Western Animation / The Fox And The Crow

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Fauntleroy Fox and Crawford Crow, in a scene from one of their early shorts.

The Fox And The Crow is a series of short subjects created for Columbia Pictures by their Screen Gems cartoon outlet. The shorts are centered around the eponymous characters, Fauntleroy Fox and Crawford Crow.

The first film in the series, "The Fox and the Grapes" was directed by ex-Looney Tunes veteran Frank Tashlin, and was an experimental short in using a classic "blackout gag" format: this makes it feel like a woodland precursor to the Chuck Jones Road Runner cartoons—Jones even cited that short as an influence on the series! The plot established the relationship between the duo, with the dim-witted Fauntleroy going about his business, only for the crow to decide to pester him for the sake of it.

After this, the series branched out to become a more standard issue gag series, lasting for several more shorts. When United Productions of America (UPA) took over cartoon production for Columbia, they did three Fox and Crow shorts out of contractual obligation before retiring the characters for good to concentrate on their own creations, like Mr. Magoo and Gerald McBoing-Boing.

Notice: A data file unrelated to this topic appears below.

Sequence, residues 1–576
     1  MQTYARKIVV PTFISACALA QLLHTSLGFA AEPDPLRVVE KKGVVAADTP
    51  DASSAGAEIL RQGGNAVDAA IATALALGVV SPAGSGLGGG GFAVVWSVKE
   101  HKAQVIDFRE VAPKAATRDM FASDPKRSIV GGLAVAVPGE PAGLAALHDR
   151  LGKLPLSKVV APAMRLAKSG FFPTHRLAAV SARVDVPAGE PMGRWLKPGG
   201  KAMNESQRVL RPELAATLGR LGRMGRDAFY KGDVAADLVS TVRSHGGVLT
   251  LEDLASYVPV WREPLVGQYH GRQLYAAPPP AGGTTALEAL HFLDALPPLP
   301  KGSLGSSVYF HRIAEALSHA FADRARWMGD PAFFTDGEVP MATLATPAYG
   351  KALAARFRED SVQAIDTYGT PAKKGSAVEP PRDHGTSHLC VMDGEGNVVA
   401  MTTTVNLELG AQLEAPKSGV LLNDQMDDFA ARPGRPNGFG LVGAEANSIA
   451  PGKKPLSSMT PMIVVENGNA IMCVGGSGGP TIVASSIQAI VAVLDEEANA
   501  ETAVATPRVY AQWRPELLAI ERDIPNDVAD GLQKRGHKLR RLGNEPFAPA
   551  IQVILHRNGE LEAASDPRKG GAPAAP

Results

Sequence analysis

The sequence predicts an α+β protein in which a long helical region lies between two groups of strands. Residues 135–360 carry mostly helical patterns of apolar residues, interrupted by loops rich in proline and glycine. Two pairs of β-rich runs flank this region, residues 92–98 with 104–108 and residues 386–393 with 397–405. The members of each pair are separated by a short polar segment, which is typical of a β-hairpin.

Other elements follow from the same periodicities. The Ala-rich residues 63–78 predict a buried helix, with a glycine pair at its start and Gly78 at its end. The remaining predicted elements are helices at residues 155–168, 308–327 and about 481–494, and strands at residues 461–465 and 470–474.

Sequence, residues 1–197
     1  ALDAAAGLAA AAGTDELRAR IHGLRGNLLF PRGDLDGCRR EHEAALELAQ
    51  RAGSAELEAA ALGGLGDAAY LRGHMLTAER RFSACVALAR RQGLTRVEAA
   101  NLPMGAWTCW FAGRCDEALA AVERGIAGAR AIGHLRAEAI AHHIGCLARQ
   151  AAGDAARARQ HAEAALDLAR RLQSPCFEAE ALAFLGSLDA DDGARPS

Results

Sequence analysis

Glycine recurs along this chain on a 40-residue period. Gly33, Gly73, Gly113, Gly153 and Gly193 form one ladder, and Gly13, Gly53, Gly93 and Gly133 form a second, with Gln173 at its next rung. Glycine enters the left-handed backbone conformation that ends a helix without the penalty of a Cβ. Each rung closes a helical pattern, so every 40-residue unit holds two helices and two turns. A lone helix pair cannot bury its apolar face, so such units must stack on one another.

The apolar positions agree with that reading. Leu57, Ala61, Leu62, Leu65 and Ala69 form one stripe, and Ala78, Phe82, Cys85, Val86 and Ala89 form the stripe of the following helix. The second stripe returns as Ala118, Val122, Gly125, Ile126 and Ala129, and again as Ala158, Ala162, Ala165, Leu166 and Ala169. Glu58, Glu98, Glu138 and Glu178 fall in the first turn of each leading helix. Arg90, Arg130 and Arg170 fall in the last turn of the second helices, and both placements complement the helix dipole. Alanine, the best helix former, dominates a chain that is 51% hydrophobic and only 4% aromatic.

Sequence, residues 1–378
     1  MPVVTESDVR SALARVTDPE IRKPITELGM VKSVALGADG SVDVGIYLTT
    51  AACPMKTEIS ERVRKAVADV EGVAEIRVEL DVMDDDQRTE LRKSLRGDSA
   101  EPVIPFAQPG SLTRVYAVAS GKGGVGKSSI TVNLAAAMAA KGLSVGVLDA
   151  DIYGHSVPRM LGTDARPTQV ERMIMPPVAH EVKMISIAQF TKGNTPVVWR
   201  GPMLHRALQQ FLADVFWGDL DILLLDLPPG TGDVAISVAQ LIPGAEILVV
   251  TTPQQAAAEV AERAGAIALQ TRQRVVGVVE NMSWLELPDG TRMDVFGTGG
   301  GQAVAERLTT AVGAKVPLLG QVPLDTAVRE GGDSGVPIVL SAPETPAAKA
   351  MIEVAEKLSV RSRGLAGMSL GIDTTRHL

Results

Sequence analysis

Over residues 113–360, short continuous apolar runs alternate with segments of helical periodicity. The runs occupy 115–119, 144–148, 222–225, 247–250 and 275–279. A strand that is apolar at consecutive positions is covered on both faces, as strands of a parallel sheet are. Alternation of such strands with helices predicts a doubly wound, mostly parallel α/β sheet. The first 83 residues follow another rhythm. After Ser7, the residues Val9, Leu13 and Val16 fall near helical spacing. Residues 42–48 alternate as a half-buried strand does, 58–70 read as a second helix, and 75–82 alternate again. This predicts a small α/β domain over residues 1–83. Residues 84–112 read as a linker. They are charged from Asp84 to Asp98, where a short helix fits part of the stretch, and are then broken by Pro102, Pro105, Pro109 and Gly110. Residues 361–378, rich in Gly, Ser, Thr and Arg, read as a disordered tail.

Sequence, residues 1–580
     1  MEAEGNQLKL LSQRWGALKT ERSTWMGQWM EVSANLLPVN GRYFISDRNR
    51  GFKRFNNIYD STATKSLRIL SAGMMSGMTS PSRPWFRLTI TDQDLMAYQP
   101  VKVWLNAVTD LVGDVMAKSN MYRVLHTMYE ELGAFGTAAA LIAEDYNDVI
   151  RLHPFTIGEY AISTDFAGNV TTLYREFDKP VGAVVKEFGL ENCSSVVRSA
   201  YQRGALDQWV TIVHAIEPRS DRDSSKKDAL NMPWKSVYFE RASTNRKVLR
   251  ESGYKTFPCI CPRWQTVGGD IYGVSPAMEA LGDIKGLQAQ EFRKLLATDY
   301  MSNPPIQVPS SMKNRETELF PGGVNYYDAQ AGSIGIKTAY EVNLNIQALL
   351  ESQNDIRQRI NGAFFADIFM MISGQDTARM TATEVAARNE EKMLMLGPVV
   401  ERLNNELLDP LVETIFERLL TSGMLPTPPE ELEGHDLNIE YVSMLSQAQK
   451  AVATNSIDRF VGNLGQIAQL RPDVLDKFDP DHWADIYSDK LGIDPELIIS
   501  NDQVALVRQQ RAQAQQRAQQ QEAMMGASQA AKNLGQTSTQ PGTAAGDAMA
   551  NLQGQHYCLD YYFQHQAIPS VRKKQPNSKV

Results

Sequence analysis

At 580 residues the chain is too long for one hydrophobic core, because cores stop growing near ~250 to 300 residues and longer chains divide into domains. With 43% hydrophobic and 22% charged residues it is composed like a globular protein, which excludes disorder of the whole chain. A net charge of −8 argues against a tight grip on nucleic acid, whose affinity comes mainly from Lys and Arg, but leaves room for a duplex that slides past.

Curiously, the series didn't run particular long in theaters, but it was popular enough to recieve a hit comic series, which ran for an impressive 20 years.


    Filmography 
  • The Fox and the Grapes (1941): Debut of the series.
  • Woodman Spare That Tree (1942)
  • Toll-Bridge Troubles (1942)
  • Slay It With Flowers (1943)
  • Plenty Below Zero (1943)
  • Tree for Two (1943)
  • A-Hunting We Won't Go (1943)
  • Room and Bored (1943)
  • Way Down Yonder In the Corn (1943)
  • The Dream Kids (1944)
  • Mr. Moocher (1944)
  • Be Patient, Patient (1944)
  • The Egg-Yegg (1944)
  • Ku-Ku Nuts (1945)
  • Treasure Jest (1945)
  • Phoney Baloney (1945)
  • Foxy Flatfoots (1946)
  • Unsure Runts (1946)
  • Mysto Fox (1946)
  • Tooth or Consequences (1947)
  • Robin Hoodlum (1948): First of the three UPA Fox and Crows.
  • The Magic Fluke (1949): Second UPA Fox and Crow.
  • Grape Nutty (1949): Screen Gems holdover.
  • Punchy De Leon (1950): Last Fox and Crow short, last UPA Fox and Crow.

Tropes:

  • Accessory-Wearing Cartoon Animal: Crawford only wears a bowler hat.
  • Alliterative Names: The eponymous duo.
  • Butt Monkey: Fauntleroy, always being tricked by Crawford into blackmail or abusive antics due to his "sucker"-ness.
  • Camera Abuse: At the end of "Way Down Yonder In the Corn", Fauntleroy (disguised as "Sidney Scarecrow") chases Crawford (who also disguised himself a scarecrow earlier) all over places as revenge for tricking him into being blown up in a safe, and then they end up fighting on a roller coaster until Crawford tells Fauntleroy how he's a great straight man and they both reconcile by shaking hands - only for the roller coaster to drive them towards the camera (as they hold each other for dear life) and smash into the screen. Cue smash cut to the Columbia torch lady and thus ends the cartoon.